YG charged into 2016 throwing B’s at the listener and smashing each song with his impactful delivery.  Terrace Martin brought the burbling West Coast thump and the Roger Troutman talk box to Twist My Fingaz, Swish used all his colors to render the deepest most beautiful landscapes behind Still Brazy’s best tracks (Gimmie Got Shot, Don’t Come to LA, Who Shot Me, FDT). The guests are impressive from Lil Wayne and Drake to Kamaiyah, Slim 400 & Sad Boy.  YG became a central part of this year’s narrative by releasing  the smash mouth election anthem FDT (featuring Nipsey Hussle) and in a real way he had all the West Coast artists shouting “F_ Donald Trump!” Many were making references to Trump as not a reputable character (see Smoke Dza-Don’t Pass The Blunt to Trump) but YG is way more straightforward than your “lyrical” rappers and way more lyrical than your fun “party” rappers.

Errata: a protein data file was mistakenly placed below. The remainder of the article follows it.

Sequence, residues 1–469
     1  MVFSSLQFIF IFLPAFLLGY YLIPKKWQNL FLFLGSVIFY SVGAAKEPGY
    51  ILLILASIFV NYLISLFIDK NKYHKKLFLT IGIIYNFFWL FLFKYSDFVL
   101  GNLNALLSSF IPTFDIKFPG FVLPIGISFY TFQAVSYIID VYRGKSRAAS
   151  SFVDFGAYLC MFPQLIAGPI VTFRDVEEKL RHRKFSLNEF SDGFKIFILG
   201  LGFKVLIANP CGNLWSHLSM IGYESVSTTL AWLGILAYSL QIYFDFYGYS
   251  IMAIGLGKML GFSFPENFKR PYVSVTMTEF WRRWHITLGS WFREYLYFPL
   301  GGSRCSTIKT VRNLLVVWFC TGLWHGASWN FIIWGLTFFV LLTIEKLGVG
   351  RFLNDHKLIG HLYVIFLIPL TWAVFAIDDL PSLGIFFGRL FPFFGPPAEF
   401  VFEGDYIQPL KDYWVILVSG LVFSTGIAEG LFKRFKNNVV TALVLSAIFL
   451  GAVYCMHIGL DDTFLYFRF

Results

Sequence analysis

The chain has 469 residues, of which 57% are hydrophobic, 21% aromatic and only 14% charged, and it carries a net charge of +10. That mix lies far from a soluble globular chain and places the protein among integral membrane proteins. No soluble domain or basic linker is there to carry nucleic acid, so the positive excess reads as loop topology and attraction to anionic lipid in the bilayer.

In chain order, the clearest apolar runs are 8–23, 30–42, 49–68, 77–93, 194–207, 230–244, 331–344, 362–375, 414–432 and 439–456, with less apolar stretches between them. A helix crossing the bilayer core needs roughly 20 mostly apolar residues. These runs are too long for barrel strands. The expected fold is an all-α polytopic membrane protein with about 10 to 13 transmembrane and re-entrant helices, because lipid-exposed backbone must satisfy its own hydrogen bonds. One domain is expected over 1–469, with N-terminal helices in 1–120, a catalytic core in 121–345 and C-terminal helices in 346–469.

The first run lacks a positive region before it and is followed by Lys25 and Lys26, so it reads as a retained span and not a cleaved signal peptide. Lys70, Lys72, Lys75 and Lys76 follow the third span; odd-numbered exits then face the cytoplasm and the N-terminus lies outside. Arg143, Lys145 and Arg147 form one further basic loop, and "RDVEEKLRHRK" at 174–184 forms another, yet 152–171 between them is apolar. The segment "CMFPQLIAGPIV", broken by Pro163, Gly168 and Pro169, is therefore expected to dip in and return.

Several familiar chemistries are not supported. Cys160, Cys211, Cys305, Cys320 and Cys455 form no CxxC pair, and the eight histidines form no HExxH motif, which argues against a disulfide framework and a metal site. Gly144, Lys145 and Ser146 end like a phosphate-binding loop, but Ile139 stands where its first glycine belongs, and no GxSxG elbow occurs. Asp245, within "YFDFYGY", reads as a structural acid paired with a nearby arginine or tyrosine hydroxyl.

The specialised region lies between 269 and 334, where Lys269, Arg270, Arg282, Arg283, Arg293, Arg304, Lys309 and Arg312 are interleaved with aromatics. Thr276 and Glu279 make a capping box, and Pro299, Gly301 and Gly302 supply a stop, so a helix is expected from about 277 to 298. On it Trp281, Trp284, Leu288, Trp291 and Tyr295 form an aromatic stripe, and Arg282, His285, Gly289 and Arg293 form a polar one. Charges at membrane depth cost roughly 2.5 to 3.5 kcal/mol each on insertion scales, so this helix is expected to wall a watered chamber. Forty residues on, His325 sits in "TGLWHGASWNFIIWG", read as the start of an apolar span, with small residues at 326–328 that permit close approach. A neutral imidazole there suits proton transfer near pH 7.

Before the end of the year he dropped an eight song project called Red Friday. It featured fun anthems full of braggadocio like I’m A Thug but also serious venting on police brutality (One Time Comin’).  When  I heard him on Left, Right in 2014 I thought to myself  “this is a real move the crowd rapper” someone with a voice and tempo that needs all your attention. Still Brazy and Red Friday add more to our shared definition of YG. On songs where he feels personally affronted by someone it is shocking and powerful because he has deep wells of anger that are fascinating. The songs that are about his beliefs resonate because he can’t help but make his views of right vs. wrong vigorously present. His gang lyrics aren’t sensationalist but grounded, straightforward and powerful. Everything he speaks is vivid. He doesn’t approach these songs like Ali did Frazier, more like how Tyson approached Spinks.